For Kyle Busch, winning is still the only thing

For Kyle Busch, winning is still the only thing
Sean Gardner/Getty Images

HOMESTEAD, Fla.—Entering the 2019 Monster Energy NASCAR Cup Series season, Kyle Busch was certainly one of the favorites to win the title.

The No. 18 Joe Gibbs Racing team’s performance in the first half of the season did not suggest otherwise. Busch won three of the first eight races. His fourth win came in the June Pocono race—but Busch hasn’t visited Victory Lane since.

In the world of ‘What have you done for me lately?’, Busch doesn’t appear to be at the top of his game.

“There have been too many missed opportunities,” Busch said. “There's a lot of stuff out there that could've, should've, would've, and it just didn't happen so, for whatever reason.

“We just got to figure out how to leave all that behind this weekend, though, and go out there and succeed.”

Yes, Busch is a perfectionist. He could have won half of the 35 races prior to this weekend and not been satisfied. In his 15 full seasons of competition, Busch has amassed 55 wins—second only to Jimmie Johnson's 83 among active drivers.

But when it comes to his resume, Busch feels he has fallen short.

“I'm behind for sure,” Busch said. “Definitely behind in wins and championships.  Why? The list goes on. It's a pretty long one. So how many can you get now is about where it's at.

“If I end with one (title), that's going to suck. If I can only get two, well, whatever. But three, four, five, I think five's still achievable. But when you get to this final race in this moment, this championship format the way that it is, and five years in a row, and you only come away with one, that gets pretty defeating.”

Fortunately for Busch, with the current Playoff format, he only has to perform in the season finale.

Sure, a driver must advance to the Championship 4 Round, but the results don’t have to be good—just good enough. With Busch’s once-in-a-generational talent and an average finish of 3.25 over the last four Homestead races, the odds are good.

When Busch won the title in 2015, he entered the season finale also with four wins but with a 10.7 average. His average finish in the post-season prior to Homestead-Miami Speedway is 12.1. And while Busch hasn’t won in 21 races, since the Playoffs began his Joe Gibbs Racing teammates have won five of the nine races.

Busch knows the only race that counts is Sunday’s EcoBoost 400.

“Truex said it, and I agree with him, momentum don't mean shit,” Busch said. “Because I won Phoenix last year and went to Homestead and should have finished 14th, we ran terrible.

“I didn't win through the Playoffs in 2015, went into the championship race as the underdog, shouldn't even be there, no chance to win, and we won. So it's all about 'What can you do for me now?' It used to be, 'What have you done for me lately?' Now it's 'What can you do for me now?'"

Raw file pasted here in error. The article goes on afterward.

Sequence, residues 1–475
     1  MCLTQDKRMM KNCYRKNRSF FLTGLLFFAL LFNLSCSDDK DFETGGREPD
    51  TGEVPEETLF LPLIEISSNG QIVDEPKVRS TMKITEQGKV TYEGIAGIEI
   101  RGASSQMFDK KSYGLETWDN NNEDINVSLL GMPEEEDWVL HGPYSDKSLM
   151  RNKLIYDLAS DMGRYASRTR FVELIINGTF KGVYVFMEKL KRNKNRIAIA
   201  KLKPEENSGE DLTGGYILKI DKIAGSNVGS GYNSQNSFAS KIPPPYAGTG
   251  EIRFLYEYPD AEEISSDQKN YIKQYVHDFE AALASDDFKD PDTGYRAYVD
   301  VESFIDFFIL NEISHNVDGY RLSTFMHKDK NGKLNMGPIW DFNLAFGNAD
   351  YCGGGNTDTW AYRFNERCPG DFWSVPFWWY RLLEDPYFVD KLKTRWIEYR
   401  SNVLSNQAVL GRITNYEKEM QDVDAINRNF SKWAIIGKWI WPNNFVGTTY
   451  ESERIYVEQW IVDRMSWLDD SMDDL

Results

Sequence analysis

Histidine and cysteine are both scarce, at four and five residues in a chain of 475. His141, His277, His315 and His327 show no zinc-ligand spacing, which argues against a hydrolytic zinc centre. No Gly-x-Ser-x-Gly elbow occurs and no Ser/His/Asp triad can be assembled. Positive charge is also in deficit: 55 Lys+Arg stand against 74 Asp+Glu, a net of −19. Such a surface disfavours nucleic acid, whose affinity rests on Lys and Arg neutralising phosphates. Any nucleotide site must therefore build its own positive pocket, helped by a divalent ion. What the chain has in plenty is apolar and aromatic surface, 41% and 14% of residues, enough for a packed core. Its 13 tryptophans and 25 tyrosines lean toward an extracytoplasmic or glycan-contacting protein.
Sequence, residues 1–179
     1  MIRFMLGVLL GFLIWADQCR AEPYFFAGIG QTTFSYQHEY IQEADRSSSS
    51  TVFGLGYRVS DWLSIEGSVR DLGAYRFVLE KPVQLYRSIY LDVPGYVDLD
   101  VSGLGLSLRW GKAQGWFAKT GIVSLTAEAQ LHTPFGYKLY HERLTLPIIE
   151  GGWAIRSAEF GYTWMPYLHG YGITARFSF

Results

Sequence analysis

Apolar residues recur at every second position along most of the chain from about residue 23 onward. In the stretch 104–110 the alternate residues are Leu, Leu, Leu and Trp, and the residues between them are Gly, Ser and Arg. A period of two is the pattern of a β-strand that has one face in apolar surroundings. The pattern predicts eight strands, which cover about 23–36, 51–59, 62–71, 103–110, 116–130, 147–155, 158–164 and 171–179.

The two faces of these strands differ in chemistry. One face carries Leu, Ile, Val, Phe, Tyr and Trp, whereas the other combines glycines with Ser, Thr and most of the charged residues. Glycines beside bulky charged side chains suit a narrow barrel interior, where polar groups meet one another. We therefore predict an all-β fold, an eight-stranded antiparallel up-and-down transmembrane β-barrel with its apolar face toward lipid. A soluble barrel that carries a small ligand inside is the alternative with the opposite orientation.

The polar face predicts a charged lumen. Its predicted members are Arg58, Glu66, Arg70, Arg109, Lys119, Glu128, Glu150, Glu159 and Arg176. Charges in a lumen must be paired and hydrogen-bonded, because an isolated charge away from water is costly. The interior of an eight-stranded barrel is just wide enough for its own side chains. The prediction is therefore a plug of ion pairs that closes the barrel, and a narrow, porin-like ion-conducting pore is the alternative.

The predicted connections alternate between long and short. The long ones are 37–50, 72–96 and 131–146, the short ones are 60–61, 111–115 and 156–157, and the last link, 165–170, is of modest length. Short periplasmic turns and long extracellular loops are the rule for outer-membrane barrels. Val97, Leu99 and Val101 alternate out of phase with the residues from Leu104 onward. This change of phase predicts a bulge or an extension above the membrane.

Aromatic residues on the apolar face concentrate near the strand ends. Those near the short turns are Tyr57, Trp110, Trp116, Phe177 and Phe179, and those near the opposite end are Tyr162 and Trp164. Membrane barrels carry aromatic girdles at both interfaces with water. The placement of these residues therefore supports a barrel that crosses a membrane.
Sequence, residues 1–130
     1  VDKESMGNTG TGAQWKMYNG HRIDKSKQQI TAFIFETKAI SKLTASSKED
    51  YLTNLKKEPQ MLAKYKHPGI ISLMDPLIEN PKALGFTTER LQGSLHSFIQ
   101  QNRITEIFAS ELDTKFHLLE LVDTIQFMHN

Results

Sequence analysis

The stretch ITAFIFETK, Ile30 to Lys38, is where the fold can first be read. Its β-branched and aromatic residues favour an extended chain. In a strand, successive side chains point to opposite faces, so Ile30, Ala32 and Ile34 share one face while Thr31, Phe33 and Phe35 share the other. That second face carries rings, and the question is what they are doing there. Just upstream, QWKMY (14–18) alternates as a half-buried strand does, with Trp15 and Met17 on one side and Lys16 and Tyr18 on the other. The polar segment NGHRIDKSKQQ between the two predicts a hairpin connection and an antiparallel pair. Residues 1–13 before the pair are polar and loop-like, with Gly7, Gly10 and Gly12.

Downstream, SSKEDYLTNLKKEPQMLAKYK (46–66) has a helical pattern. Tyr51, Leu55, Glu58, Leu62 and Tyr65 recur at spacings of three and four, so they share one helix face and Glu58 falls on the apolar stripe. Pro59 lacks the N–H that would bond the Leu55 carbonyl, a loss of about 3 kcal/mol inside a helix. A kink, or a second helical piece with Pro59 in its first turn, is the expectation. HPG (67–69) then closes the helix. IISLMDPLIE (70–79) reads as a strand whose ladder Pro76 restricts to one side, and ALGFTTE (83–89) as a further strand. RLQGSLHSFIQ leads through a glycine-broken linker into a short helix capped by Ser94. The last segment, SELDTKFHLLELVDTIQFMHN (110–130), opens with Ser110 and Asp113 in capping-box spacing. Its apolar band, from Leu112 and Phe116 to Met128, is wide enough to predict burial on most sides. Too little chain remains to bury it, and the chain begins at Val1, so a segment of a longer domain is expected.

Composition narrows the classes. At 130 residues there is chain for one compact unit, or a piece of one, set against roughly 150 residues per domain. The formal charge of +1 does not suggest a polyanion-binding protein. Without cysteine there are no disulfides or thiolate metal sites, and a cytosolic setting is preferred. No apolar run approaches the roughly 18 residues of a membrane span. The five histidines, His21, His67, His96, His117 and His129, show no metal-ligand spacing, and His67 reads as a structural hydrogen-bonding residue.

The perennial trash talk that accompanies the week leading up to the finale has been absent this year. Perhaps the lack of chiding stems from the level of respect between the Championship 4. In the six championship bouts since NASCAR changed the format in 2014, Harvick and Busch have appeared in five finals, Truex four and Hamlin two.

On Sunday, Busch, Harvick and Truex could add to their championship legacies. Hamlin is still searching for his first title.

“I don't think it matters winner take all, I think it just matters about how good they are, period,” Busch said. “I think even with (Kevin) Harvick, how good he is, period. You look at this race and what's on the line, there's a lot on the line and it's come down to the winner each and every year.

“But we also look at Harvick's really good at this place, his average finish is great, he's been in contention of winning it almost every year. Us, well, we finished 4th last year, we probably should have been about 14th, so we got a little lucky there towards the end.

“Overall when Denny's been in contention for the championship race, he runs up front. Martin, same thing, they run up front. We all have abilities to be able to find something when it matters.”

And for all the self-deprecating talk, don’t let Busch fool you. Winning still means everything to the driver of the No. 18 Toyota.

“Trust me, there ain't going to be anybody happier than me if we cross the finish line first on Sunday--at least for the first 10 minutes,” Busch said.

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